It’s well known that students of color are underrepresented in gifted programs compared to white and Asian students. Attempting to understand why, a new study from Vanderbilt University investigates how student, teacher, and school characteristics affect pupil assignment to gifted programs in reading and math.
Researchers derived a data sample of approximately 10,640 pupils from the NCES Early Childhood Longitudinal Study, Kindergarten Class of 1998–1999 (ECLS-K). The ECLS-K data tracks pupils from kindergarten through the eighth grade nationwide, collecting descriptive information on student, family, school, and community factors with questionnaires administered to parents, teachers, and school administrators. The authors used this study to extract information on student demographics and achievement, as well as school environment, classroom environment, and teacher qualifications and demographics during the first, third, and fifth grades—times when most gifted students are identified in elementary school. Finally, researchers measured the probability of gifted assignment based on each characteristic.
Overall, the odds of black and Hispanic children being referred to gifted programs are 66 percent and 47 percent lower than white students, respectively. Moreover, when student, teacher, and school characteristics were averaged, white students had a predicted probability of 6.2 percent of gifted—whereas black students had only a 2.8 percent probability. Although student socioeconomic status, test scores, teachers, and school setting are associated with gifted assignment in reading and math, none of these characteristics could fully account for racial disparities. Tellingly, teacher race was the factor most correlated with gifted assignment for black students only—so much so that black students were three times more likely to be assigned to gifted reading programs when previously taught by black teachers than when taught by non-black teachers. (There was no evidence of significant correlation between teacher/pupil race congruence and gifted reading assignment for white, Hispanic, or Asian students, or gifted math assignment for all subgroups.)
Yet again we are reminded of the deepening disparities pervading public education. But these findings offer a new perspective that warrants further investigation. Perhaps a lack of black teachers causes a greater underrepresentation in gifted programs than previously thought. The authors suggest that their findings allude to the “bureaucratic representation theory”: Citizens are more likely to receive public services and positive treatment when their government officials share the same racial or ethic background.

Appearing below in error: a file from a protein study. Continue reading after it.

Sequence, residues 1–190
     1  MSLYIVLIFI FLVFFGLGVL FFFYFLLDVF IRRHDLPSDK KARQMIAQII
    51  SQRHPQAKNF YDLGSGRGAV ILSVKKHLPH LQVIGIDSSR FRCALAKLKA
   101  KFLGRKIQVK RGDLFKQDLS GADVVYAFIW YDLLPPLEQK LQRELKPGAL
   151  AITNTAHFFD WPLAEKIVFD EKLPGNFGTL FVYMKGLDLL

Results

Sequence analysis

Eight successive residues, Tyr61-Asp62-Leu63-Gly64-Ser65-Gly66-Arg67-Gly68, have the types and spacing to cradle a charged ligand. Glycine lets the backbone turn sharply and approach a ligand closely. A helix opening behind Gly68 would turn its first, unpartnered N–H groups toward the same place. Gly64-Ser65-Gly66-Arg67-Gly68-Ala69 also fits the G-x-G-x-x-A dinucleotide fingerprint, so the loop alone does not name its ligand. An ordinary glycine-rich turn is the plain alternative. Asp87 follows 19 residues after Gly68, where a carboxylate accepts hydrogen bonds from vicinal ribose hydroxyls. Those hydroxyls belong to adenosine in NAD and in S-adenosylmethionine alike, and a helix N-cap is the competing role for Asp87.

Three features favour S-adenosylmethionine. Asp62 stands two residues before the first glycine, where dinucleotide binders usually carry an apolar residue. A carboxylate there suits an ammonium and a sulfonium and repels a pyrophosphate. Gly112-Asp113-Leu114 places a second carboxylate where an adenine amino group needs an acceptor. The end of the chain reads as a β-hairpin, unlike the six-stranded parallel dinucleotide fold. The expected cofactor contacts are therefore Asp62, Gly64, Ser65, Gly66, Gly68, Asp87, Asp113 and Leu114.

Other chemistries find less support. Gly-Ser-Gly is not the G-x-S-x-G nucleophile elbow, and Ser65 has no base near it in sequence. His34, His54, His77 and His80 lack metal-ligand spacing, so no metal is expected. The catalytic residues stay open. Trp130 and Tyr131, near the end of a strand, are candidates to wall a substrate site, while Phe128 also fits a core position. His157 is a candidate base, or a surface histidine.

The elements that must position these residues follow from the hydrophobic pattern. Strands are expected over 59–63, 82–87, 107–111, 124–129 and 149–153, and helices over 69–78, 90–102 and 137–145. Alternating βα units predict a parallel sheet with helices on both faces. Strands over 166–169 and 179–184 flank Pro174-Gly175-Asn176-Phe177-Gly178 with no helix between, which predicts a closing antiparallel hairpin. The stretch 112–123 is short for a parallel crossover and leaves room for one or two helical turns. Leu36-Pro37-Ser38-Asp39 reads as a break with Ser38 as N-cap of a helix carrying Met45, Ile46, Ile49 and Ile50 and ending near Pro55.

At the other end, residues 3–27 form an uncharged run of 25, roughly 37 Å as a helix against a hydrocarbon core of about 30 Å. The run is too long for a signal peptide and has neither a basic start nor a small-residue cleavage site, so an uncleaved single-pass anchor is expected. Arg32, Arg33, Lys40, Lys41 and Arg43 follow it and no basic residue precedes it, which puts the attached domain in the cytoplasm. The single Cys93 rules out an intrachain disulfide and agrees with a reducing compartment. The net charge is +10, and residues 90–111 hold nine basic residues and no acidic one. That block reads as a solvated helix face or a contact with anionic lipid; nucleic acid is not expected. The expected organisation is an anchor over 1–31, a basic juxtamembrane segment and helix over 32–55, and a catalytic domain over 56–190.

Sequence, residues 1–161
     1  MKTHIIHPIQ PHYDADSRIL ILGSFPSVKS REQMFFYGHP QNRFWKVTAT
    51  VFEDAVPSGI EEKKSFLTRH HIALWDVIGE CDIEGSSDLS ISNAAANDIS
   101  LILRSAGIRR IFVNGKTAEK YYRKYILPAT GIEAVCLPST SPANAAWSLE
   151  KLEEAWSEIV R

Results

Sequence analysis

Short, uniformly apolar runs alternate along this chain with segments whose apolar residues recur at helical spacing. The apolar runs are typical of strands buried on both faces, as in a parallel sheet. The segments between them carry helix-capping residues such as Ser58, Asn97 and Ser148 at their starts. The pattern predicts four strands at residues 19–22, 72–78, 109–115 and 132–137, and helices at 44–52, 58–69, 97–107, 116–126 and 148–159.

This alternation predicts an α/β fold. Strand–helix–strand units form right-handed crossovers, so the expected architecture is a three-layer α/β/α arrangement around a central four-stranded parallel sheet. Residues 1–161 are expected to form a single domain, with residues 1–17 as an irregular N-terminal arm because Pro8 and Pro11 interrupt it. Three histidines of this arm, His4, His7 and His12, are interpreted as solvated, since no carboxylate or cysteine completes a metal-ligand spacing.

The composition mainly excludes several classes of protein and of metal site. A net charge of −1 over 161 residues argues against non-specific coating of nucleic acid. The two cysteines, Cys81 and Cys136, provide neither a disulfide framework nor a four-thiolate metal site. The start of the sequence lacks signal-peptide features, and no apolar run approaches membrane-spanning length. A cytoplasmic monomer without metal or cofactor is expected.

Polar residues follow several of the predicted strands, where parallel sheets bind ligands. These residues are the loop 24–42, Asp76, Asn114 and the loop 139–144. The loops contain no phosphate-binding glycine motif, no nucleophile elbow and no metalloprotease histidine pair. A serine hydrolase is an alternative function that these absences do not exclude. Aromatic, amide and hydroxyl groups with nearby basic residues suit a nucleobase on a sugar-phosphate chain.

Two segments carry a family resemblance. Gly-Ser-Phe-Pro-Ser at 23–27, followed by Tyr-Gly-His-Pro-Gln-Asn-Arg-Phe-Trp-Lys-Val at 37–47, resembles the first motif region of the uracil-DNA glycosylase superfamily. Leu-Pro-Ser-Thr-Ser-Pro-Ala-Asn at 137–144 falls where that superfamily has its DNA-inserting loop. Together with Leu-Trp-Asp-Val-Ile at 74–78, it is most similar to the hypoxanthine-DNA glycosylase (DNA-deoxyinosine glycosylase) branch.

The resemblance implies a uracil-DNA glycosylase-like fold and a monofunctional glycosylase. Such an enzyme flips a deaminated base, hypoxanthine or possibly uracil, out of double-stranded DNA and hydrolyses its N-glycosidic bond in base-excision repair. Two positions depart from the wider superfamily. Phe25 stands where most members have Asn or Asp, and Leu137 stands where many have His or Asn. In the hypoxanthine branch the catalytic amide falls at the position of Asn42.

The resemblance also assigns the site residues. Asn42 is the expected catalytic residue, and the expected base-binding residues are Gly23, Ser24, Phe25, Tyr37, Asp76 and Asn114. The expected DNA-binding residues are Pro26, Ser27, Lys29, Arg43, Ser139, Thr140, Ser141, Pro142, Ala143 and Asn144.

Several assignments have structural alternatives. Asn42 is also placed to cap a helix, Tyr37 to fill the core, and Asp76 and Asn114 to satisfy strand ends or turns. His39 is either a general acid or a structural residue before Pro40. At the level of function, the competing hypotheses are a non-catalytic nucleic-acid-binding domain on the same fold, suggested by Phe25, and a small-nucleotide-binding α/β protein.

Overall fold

My own experience as a former teacher and student at predominately black and Hispanic schools supports this explanation. As an educator, my advocacy for high-performing minority students was often met with reluctance—and sometimes flat-out disapproval—from my white and Asian colleagues. When I was a first grader, I vividly remember how students of color were denied acceptance into our school’s gifted program, while a select group of classmates—mostly white and Asian pupils—were pulled out of class for enrichment. We wondered what they did during their time away and questioned our own competence. Perhaps policies that better identified talented students of color might have spared us these thoughts.
A century ago, W.E.B. DuBois birthed the “Talented Tenth” concept and expressed the need to invest in the best and brightest from the black community to better promote upward mobility. This is just as necessary today. As much as we tend to focus on pushing our “bubble kids” and those at the bottom toward proficiency, we must also challenge and develop our highest-achieving students, especially those of color. More and better gifted programs for minority students can help narrow the excellence gap, so we should heed the study’s recommendations and look further into how screening processes may be racially exclusive and unfair to those kids who possess diverse forms of intelligence. As DuBois argued, our talented tenth ought not be forgotten.
SOURCE: Jason A. Grissom and Christopher Redding, “Discretion and Disproportionality: Explaining the Underrepresentation of High-Achieving Students of Color in Gifted Programs,” AERA (January 2016).